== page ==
[picapp align=”left” wrap=”true” link=”term=Rashid+Ramzi&iid=3112050″ src=”4/8/5/5/f7.JPG?adImageId=7692190&imageId=3112050″ width=”380″ height=”245″ /]This past week it was released that 1500 metre Olympic gold medalist Rashid Ramzi had been stripped of his medal for doping during the 2008 Beijing Olympics. Bahrainian Ramzi (born in Morocco) had his “b” sample tested last June, which came back positive for CERA (continuous erythropoietin receptor activator), an advanced version of the blood-boosting hormone EPO (erythropoietin).
Ramzi was one of five other athletes from the games who was later caught with positive results for the drug, leading to a wide variety of surprise, opinion and critique.
The chairman of the London 2012 Organizing Committee, Sebastian Coe (who is also IAAF vice president and a double Olympic 1500 metre champion) was quoted in the Telegraph as saying, “That was the right decision. Cheats cannot prosper in our sport and people will realize that sooner or later.”
From the reactions that I’ve heard this week, I’ve been thinking about what Coe said, and in this case, it would appear to be true. But the actions of athletic cheaters, like their white-collared counterparts, don’t just affect their own standing or accomplishments. Asbel Kiprop of Kenya and Nicholas Willis of New Zealand (pictured below on either side of Ramzi) came in second and third place respectively, and have been robbed of their experience of winning gold and silver, instead of the silver and bronze they received. Through Ramzi’s actions, they will never get that experience back.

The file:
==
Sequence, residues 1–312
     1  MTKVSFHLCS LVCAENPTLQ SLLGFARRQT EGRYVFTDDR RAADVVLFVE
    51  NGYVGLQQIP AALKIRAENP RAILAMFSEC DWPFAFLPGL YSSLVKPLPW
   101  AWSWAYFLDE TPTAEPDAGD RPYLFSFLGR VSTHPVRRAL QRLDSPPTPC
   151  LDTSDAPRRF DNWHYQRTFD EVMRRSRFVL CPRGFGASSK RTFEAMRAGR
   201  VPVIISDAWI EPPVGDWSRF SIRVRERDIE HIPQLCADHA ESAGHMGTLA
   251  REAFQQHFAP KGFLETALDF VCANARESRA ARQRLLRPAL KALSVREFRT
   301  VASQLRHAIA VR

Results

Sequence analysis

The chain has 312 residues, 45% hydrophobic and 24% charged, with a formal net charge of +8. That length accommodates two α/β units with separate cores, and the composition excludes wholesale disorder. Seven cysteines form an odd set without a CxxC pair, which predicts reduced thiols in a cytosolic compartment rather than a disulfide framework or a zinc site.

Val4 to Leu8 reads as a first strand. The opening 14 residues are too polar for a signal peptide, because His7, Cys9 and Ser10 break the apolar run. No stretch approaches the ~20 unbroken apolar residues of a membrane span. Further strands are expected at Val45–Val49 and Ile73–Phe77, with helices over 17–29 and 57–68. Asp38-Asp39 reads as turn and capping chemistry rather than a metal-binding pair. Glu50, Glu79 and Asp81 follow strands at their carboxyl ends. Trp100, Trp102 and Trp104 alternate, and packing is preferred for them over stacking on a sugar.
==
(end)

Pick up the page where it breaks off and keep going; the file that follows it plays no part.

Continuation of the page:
[picapp align=”right” wrap=”true” link=”term=Rashid+Ramzi&iid=1015329″ src=”8/e/b/a/Olympics_Day_12_c3a5.jpg?adImageId=7692273&imageId=1015329″ width=”380″ height=”253″ /]It’s easy to say cheaters never prosper, but in this case, that comes after Ramzi stood on the top podium, was crowned with the gold medal and offered who knows how many lucrative deals with athletic apparel companies. And I think that’s where the gut reaction of many runners to this sort of scandal comes in: it becomes personal.
Many (or realistically, 99.9 per cent) of us will never know what it is like to run in the Olympics or even to complete at an elite level. Watching the immense talent of these world-class athletes inspires and motivates us, showing us what heights the sport can be taken to given the right mix of training, determination and genetics.
We invest a little of ourselves in watching the elite runners, recognizing the shared passion and struggle, the investment and emotion inherent in what we do. So when one of the immortal elite fall, they fall far and they fall hard.
Coe is right when he says they won’t prosper (providing they’re caught). In truth, Ramzi will likely never regain the trust or credibility he has lost. In effect, his promising career is now over. And here is where I begin to find a sense of compassion for him on a human level. All the years, hours and countless miles he willingly sacrificed to the sport; all the effort and toil he went through has now been for nothing. I wonder what the moments leading up to him deciding to take the CERA were like; what situations, actions or words pushed him over the line of elite performance and into the realm of doping? It leaves one to ask the unanswerable question of, “why?”